Recently, one of my friends asked me when they would be a “real” author. Mind you, this person is exceptionally funny, insightful, and considerate—they also write and have gotten paid for their stories, too. They’re already a “real” author, even if they don’t acknowledge that for themselves.
My friend’s question is timely, too, because ever since I taught Self-Care for Creatives at the Rambo Academy for Wayward Writers, I’ve been thinking about Imposter Syndrome in particular. Given that feelings aren’t facts but they are information, the feeling of being a “fake” author/artist/musician/etc. is, to me, less important than understanding what causes it. By knowing what triggers that emotion, we can address it and move forward.
What, then, is the feeling of being an imposter trying to tell us?
I cannot know what it means for you, but I feel it’s a sign that we feel like an outsider. That we don’t really belong.
Like a character in any story, the desire to belong is a powerful one. It is also a fundamental need that each and every one of us has. This need is so strong we tell ourselves stories about the people who do belong, those we admire and respect, morphing them into lauded figures. We fill our heads with stories, because we want to be them. Sometimes, however, deep down we don’t think we’ll ever be capable of standing alongside them.
I’ve listened to many people over the years; what I hear beneath the words they’re using is: “I don’t feel like I’m good enough to belong.”
Except, what is “good enough”? I’m pretty sure you’re aware that nobody knows what the F-bomb we’re doing and we’re all just making it up as we go along. When there isn’t a clear path to follow and there’s more than one form of success, confusion and uncertainty sets in. “Am I a real author?” emerges from this murky cauldron. You want to be an author? Great. Like I said in 101 Softly-Delivered Writing Lessons, if you’re writing, you’re a writer. If you’re paid to write, you’re a professional. Same goes for any other field, too.
The reason why I keep my definitions simple, is because everything else is b.s. we don’t need. It’s literally crap that gets in the way of us taking risks, creating, networking, etc.
Gatekeepers exacerbate this problem in our communities by assigning value to who "gets" to belong. Sometimes, their criteria is based on all the ancillary aspects of a career. Sometimes, it’s just petty b.s. based on their perceptions of what you’re wearing, where you live, even who your friends are or what choices you’ve made. It’s also true that the minute “you” become accepted by a gatekeeper’s metrics they tend to change their tune. So, here’s a secret: gatekeepers only have power if you believe they do. I think of them as speedbumps or roundabouts to drive over or around.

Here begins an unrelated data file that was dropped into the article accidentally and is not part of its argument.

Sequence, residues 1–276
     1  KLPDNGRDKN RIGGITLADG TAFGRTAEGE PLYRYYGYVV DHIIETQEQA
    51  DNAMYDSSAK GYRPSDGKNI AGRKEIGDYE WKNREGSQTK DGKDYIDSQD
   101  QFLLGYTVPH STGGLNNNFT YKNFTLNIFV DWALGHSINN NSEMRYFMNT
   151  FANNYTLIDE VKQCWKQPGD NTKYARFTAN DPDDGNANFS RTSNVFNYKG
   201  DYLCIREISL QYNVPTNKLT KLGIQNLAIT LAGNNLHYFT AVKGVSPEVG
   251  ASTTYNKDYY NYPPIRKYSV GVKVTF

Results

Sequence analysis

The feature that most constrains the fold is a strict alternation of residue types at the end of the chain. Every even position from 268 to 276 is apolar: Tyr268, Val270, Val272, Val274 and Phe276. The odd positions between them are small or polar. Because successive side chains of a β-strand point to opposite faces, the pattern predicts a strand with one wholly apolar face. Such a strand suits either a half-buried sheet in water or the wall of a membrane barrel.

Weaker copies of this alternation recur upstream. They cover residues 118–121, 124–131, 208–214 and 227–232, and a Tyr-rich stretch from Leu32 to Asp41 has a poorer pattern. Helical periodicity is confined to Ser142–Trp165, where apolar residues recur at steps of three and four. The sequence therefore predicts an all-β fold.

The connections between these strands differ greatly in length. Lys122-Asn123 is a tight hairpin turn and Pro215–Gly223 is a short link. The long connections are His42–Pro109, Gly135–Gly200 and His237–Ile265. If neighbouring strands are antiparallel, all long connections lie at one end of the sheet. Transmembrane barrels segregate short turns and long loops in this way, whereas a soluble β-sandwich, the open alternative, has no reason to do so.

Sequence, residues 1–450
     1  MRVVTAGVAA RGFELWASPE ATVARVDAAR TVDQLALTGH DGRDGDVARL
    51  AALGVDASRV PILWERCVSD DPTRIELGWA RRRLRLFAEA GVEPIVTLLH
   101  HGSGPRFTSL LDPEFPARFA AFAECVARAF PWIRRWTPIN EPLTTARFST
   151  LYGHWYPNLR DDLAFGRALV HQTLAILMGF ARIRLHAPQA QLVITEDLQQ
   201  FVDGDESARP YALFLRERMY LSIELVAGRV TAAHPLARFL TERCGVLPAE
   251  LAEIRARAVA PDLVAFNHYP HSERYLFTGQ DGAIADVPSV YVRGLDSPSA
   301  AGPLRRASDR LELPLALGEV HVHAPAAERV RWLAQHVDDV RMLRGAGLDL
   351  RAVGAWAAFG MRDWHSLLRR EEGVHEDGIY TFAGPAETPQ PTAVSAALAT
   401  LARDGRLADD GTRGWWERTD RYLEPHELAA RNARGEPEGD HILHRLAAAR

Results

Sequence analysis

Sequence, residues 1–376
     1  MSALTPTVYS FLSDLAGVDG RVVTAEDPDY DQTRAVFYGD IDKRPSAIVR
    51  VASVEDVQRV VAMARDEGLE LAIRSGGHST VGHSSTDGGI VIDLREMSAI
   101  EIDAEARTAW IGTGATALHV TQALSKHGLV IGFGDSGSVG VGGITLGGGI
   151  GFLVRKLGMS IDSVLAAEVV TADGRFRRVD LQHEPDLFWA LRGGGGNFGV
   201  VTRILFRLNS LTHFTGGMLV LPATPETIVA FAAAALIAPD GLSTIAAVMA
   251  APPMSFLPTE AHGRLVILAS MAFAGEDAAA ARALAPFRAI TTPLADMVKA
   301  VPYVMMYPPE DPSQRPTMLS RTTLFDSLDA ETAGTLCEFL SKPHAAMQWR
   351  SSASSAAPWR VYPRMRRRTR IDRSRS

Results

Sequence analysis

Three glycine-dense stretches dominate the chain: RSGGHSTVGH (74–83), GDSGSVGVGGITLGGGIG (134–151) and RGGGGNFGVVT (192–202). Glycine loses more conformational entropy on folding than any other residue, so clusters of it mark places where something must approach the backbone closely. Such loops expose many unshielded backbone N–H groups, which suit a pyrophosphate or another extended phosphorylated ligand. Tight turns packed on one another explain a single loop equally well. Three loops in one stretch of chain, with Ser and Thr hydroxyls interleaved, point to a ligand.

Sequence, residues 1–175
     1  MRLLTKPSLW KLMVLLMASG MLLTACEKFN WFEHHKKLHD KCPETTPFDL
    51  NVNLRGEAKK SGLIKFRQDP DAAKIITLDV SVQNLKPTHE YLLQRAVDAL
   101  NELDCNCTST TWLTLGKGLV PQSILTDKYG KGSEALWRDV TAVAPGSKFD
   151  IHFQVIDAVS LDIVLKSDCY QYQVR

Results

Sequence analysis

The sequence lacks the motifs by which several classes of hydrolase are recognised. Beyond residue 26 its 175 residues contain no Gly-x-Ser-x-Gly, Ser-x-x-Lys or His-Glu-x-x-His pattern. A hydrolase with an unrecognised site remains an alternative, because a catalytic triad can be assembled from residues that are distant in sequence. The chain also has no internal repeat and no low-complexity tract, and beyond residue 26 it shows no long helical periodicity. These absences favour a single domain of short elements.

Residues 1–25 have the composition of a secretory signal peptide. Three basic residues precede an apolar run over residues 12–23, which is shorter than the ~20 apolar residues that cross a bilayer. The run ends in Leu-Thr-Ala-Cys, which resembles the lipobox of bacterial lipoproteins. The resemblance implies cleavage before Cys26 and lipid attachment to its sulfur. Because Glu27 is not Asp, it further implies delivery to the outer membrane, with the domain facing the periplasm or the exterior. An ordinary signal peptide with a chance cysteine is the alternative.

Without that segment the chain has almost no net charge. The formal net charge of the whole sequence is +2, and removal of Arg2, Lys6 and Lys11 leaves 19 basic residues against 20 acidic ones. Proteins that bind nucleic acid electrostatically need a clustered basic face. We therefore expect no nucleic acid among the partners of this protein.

Whatever your feelings, I want you to know they are legitimate and real. I know a lot of you deal with rejection in other aspects of your life, and I believe those lessons apply here, too. That said, sometimes we under-or-over emphasize our feelings and forget to ask why. Do we feel like an imposter because we have legitimate concerns about our future in that field? Because we F’ed up and we’re worried someone won’t give us a second chance? Because we haven't “done enough”? Or, do we feel like we don’t belong because we’ve encountered some people who simply aren’t a good fit for us?
There’s another part of imposter syndrome that, I feel, sometimes is overlooked. Remember when I said that stories in our heads can sometimes affect our sense of belonging? If we don’t address our everyday needs, sometimes those stories can become epic tales. A lot of creative pursuits require us to perform the work alone. That can be isolating, absolutely, but it’s also necessary to create, revise, practice, draft, etc. Except, the heart of any industry are all of the people in it. All of them. You may not be as prolific or acclaimed as others in your chosen field, but that doesn’t mean you do not “belong.” It just means that your journey is different than that of your peers; it’s what makes you unique.
What does imposter syndrome mean to you? If you had advice to share with others, can you share a comment to help others?
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